HOME > Chowhound > Home Cooking >

Discussion

Melted butter in croissants?

  • j
  • 2

So I've recently begun my croissant making quest - attempts 1 and 2 were abject failures, attempt 3 created something delicious that was not a croissant (serious leakage problems, but eating dough fried in butter isn't so bad).

Now, let me first say that attempt 4 went pretty okay. And it's because in addition to water, yeast, milk (more on this below), salt, and sugar, i added two tablespoons (for a batch of twelve croissants) of melted, cooled butter. My problem for attempts 1-3 was that the dough was SUPER elastic - difficult to roll even at the start, becoming even more difficult as the process went on.

Now, I've been very good about being patient - each attempt chilled my dough an hour after forming (bulk rise), another hour after locking in butter and turn 1, another hour after turns 2 and 3, another hour after turn 4, and then three hours proofing, back in the fridge for another 15 min or so, and then egg wash and in the oven. I've also been using AP flour, even though I thought that bread flour would produce the type of croissants that I prefer. I've done all this in the name of keeping the dough extensible but at the end of the day, something seemed very wrong until try #4 with the melted butter.

So I've got two questions for you gurus out there:

1) Is there some reason that my dough would be so elastic? I see a lot of croissant recipes out there - plenty use lard/melted butter in the dough, but just as many don't. So I feel like even though I am moving in the right direction, I would like to understand why my first three attempts were so problematic.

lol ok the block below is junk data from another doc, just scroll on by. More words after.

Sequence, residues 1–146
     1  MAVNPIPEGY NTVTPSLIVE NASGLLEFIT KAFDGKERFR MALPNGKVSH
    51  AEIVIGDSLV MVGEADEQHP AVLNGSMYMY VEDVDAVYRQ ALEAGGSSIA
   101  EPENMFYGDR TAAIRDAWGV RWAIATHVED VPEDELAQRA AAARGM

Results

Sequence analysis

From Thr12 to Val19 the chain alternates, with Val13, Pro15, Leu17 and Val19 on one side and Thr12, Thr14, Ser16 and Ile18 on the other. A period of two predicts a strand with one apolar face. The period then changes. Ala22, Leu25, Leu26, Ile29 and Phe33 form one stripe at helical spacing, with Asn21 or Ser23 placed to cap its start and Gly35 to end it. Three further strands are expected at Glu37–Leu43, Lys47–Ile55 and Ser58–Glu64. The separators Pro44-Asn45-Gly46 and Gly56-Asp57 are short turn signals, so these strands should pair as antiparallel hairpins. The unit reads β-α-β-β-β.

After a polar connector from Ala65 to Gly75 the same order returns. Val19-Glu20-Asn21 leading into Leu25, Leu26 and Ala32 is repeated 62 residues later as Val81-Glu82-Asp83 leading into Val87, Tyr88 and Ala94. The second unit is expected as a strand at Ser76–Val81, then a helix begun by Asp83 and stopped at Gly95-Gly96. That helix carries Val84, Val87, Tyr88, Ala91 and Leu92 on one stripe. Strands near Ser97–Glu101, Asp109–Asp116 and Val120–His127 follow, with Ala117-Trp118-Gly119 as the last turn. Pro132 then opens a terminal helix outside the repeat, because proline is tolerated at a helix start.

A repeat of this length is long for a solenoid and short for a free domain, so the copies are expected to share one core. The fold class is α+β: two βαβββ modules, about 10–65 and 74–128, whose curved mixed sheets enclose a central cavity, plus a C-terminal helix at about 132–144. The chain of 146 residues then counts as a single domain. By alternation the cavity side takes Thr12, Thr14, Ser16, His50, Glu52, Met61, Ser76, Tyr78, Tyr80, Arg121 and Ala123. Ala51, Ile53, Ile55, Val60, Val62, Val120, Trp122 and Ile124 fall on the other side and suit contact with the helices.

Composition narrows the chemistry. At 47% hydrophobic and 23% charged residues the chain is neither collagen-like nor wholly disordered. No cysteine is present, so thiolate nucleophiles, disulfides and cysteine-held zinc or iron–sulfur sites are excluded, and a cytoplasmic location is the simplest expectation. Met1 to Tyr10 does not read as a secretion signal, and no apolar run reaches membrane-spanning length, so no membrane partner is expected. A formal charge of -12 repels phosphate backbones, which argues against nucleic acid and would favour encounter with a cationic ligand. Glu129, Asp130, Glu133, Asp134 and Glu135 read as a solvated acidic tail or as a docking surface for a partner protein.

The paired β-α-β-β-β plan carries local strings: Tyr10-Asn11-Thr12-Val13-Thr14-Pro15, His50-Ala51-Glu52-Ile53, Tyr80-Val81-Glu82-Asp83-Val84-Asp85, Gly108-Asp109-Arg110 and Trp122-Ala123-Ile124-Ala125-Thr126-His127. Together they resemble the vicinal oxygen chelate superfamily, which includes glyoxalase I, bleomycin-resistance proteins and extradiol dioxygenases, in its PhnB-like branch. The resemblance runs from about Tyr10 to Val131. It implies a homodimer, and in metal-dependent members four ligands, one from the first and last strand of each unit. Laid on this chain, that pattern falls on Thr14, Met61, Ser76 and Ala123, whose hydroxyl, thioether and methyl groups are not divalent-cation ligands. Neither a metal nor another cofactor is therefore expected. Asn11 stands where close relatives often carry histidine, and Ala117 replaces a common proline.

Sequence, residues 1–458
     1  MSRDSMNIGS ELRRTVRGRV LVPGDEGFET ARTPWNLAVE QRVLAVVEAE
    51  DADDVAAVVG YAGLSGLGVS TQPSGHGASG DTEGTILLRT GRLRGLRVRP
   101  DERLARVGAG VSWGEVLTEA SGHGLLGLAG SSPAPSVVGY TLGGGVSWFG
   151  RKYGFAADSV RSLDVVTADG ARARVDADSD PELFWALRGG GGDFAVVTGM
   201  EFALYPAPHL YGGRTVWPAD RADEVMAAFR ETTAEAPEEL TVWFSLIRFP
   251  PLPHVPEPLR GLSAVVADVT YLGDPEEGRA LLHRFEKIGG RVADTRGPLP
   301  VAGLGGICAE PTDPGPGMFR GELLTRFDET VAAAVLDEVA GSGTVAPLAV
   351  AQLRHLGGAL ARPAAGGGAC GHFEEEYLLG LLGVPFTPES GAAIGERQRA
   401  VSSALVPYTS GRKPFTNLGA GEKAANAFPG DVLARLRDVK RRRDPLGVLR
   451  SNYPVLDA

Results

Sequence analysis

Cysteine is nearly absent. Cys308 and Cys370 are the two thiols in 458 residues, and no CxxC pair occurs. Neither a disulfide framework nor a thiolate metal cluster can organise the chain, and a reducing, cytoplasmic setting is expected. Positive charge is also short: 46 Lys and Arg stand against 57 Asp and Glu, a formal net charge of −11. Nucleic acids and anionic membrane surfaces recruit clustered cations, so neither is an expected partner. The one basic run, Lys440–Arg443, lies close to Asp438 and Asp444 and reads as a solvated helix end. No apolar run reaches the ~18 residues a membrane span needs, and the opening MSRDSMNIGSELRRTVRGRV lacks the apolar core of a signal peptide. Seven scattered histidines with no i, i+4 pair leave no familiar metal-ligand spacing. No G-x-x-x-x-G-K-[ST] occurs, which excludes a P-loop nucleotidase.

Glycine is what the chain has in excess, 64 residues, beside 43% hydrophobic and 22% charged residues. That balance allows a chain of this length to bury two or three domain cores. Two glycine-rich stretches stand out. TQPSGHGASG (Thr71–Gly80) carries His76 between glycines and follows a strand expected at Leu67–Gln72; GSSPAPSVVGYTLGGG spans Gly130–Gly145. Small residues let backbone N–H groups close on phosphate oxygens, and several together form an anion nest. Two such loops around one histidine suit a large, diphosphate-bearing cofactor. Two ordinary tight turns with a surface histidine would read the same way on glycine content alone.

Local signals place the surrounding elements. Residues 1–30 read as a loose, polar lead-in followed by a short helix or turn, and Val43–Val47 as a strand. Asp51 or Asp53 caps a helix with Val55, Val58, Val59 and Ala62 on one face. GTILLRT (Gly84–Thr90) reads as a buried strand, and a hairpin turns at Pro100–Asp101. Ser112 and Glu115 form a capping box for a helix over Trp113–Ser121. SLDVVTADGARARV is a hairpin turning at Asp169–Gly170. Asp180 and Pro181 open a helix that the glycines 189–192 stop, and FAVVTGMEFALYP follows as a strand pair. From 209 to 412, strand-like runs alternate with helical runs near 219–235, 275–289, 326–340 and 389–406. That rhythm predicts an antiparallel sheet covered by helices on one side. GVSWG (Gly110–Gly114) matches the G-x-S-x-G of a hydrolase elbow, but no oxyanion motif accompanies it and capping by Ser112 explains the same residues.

2) WIth respect to using milk in croissants - versus just water - is this to aid extensibility, i.e., the fat content of whole milk? Is there some other purpose? I imagine it would make the croissants come out a bit softer but I like my croissants flaky and crispy. So I'm wondering if this is just a matter of taste, or if milk is actually supposed to make the process easier and/or more reliable.

Thanks in advance, appreciate the help! Attempt #5 to come shortly...

  1. Click to Upload a photo (10 MB limit)
Delete
  1. Are you weighing your ingredients?

    It sounds like you're not allowing your dough to rest and rise before working in the butter.
    One recipe I tried recommended refrigerating the dough overnight. I think that is a good recommendation.

    When you form and proof the croissants, allow them to puff up full which is about 2 to 3 hours.

    1. I'm also going to ask if you're scaling vs. volume measuring. What you're describing is characteristic of a too low hydration dough. Croissant dough is fairly low hydration to begin with, and if your amount of flour is off that can create a problem quickly. It's always better to err on the side of a wetter dough. Other useful dough techniques are an autolyse period of 20-30 minutes after you have introduced the liquid to the flour and mixed VERY briefly, and strictly limiting or adding no bench flour while kneading.

      I have never ever had a fail with the Joy of Cooking croissant recipe and European butter, even in my very first attempts. That dough contains a few tablespoons of butter. My one and only fail was when I used domestic butter.
      Dairy in any dough is a tenderizing ingredient, both because of the fat and the milk proteins. It's there to aid the finished product. IME milk is not particular noticable in the unbaked dough. Fat, on the other hand, IS noticable in a dough. It makes the gluten take longer to develop and makes the finished dough softer and less bossy which is my term for the problem you seem to be having. The most extreme example of what fat does to dough is brioche, which has the consistency of clay.